Natural Resources: Meaning and Classification of Natural Resources!
The sum total of all the physical, chemical, biological and social factors surrounding a man may be termed as environment. Each element in the surroundings forms resources on which the human beings depend, in order to develop economically and socially a better life system.
Thus, a resource may be defined as any part of the environment such as land, water, air, mineral, forest, wildlife, fish, population etc. which the human beings utilise to promote their welfare. In other words, all means of satisfying human needs, at a given time and place are called resources.
According to Ramade (1984), a resource may be defined as a form of energy and/or matter which is essential for the functioning of the organisms, populations and ecosystem. The ecological variables like energy, matter, space, time and diversity combinedly are referred as natural resources.
Some resources are essential for the survival of all the living organisms like air, soil, water, plants and animals while others are specially valued by man to satisfy his material needs and desires such as minerals and fossil fuels. Thus, land, water, air, minerals, forests, wildlife as well as human beings are resources.
Classification of resources:
The resources may be classified in a number of ways:
1. According to Continual utility:
It is seen that some resources are going on depleting where as others are continuing in the environment despite of their uses. So basing on continual utility the resources are divided in to two categories:
(a) Renewable resources (Flow resources):
The resources which can be renewed along with their exploitation and can be always available for use are known as renewable resources. That is, these resources have natural regeneration and these are inexhaustible. Some examples of renewable resources are forests, air, solar energy etc.
(b) Non-renewable resources (Stock resource):
The resources which are present in finite quantities and cannot be renewed along with their exploitation are known as non-renewable resources. That is, if these resources are used in large scale, these will exhausted soon. So these are also known as exhaustible resources. Some examples of such type of resources are coal, minerals, fossil fuels etc.
(c) Cyclic resources:
The resources which can be used again and again passing through some processes are known as cyclic resources. An example of cyclic resource may be water.
2. According to origin:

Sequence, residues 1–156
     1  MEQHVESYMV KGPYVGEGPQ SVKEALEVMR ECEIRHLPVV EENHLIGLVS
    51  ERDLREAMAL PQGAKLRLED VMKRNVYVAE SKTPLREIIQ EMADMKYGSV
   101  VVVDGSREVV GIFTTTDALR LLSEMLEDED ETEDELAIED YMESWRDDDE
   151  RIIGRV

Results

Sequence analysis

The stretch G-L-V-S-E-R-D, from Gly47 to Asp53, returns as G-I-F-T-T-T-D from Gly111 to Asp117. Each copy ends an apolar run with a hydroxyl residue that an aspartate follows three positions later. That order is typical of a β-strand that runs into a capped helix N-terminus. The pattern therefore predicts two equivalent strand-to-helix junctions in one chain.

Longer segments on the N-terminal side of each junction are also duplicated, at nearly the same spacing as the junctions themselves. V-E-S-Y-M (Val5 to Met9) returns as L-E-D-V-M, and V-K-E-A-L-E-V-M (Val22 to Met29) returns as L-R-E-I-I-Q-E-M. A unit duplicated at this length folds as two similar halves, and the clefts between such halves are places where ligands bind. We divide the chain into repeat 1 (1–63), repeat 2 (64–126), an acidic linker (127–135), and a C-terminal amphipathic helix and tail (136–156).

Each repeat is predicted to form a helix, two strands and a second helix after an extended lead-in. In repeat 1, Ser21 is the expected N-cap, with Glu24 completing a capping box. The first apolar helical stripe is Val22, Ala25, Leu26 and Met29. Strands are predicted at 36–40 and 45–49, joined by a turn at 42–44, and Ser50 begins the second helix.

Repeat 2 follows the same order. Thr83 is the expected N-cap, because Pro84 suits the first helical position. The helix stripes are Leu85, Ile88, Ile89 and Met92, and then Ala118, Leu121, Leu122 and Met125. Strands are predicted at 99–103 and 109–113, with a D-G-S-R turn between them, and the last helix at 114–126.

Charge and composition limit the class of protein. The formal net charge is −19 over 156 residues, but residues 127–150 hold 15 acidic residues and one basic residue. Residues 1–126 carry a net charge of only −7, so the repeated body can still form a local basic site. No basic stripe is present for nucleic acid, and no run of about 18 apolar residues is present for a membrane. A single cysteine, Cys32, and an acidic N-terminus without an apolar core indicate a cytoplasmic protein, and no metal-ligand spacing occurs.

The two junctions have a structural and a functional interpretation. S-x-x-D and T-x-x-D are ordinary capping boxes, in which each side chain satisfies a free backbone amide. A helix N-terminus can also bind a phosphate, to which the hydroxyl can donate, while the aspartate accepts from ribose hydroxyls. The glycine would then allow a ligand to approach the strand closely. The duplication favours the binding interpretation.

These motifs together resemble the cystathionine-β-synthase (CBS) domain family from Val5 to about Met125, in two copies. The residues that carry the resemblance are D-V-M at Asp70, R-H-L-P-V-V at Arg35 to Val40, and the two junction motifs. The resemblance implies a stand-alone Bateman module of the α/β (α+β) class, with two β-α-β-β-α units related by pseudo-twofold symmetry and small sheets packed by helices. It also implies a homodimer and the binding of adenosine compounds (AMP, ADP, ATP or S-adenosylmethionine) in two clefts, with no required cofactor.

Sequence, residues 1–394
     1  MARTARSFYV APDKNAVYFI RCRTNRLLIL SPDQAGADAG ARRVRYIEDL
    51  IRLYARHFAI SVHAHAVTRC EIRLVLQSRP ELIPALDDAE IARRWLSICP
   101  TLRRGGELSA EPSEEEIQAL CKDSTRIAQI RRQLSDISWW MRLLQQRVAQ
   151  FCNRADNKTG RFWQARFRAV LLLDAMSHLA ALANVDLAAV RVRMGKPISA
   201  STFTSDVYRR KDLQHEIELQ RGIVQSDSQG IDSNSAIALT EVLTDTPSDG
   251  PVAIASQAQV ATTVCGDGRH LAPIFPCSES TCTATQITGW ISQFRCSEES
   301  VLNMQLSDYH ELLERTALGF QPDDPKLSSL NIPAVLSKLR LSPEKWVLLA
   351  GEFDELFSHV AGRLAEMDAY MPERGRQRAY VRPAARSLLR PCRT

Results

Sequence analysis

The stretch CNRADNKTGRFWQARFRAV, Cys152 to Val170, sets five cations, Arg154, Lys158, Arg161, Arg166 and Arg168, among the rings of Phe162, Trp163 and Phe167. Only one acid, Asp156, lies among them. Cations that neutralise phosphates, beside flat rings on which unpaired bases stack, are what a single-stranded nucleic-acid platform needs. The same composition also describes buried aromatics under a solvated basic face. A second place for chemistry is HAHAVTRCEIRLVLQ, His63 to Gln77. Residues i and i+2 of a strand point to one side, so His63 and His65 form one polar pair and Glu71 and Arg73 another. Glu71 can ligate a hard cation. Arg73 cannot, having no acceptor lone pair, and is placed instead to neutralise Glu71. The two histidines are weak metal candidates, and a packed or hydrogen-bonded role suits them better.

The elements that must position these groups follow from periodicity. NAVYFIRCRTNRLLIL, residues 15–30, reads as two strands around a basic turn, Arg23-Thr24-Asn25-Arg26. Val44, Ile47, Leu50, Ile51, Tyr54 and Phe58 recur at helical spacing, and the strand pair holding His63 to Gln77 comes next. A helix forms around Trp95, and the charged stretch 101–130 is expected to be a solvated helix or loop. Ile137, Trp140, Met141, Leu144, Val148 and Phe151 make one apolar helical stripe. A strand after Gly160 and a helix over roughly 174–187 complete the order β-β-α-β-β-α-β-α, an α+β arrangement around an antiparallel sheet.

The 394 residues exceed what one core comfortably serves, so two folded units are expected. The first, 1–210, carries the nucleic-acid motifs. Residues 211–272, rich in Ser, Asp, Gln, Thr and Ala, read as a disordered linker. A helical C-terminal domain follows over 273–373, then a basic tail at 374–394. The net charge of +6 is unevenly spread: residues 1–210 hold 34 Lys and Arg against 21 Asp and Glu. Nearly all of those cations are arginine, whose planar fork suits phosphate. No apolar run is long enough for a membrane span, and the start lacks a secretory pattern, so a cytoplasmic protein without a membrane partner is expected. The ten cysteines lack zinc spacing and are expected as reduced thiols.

The resources can also be classified according to their origin i.e., whether a resource is having biological origin or not.
So on this basis, resources are of two types:
(a) Biotic resources:
When a resource is living organism or originated from living organisms, it is known as biotic resource i.e., it is obtained from the biosphere. Some examples of such type of resources are coal, mineral oil, forest etc.
(b) Abiotic resources:
When a resource is neither derived from living organism nor living organism, it is termed as abiotic resource i.e., such resources are composed of nonliving inorganic matter. Some examples of such type of resources are air, land, water, minerals etc.
Land resources or soil resources:
Land or soil is the upper most part of the earth’s surface which is used for the production of crops and other biological materials needed for food, fodder, medicine and associated material. The stones, sand and gravels are used in the construction work.
Some micro-organisms present in the soil maintain the soil fertility through nitrogen fixation and others are responsible for return of essential elements back to soil by the decomposition of dead organic matter. The processes like nitrogen fixation, antibiosis, soil formation, decomposition of organic matter etc. take place within the soil. The surface soil also act as a feeding zone of plants.
Table 4.1: World Land Use Pattern
Percentage of Land
Range land and pasture
Tundra and wet land
The soil is constituted as a result of long term processes of complex interaction leading to the production of a mineral matrix in close contact with organic matter both living and dead after a longtime, the parent mineral matter takes the modified shape which forms soil.
The interactions among climatic, topographic and biological factors pave the process of transformation and modification of mineral matter in to soil.
Thus, soil has mainly the components like:
(i) Mineral matter,
(ii) Soil organic matter (humus);
(iii) soil water;
(iv) soil air
(v) Biological system.
According to Dakuchayer (1889), soil is a result of the actions and reciprocal influences of parent rocks, climates, topography, living organisms and age of the land.
The Soil is described by the following formula
S = (g.e.b) t
where S is soil, ‘g’ is geology, ‘e’ is environment; ‘b’ is biological influences and ‘t’ is time. The formation of one inch of soil takes 500 to 1000 years.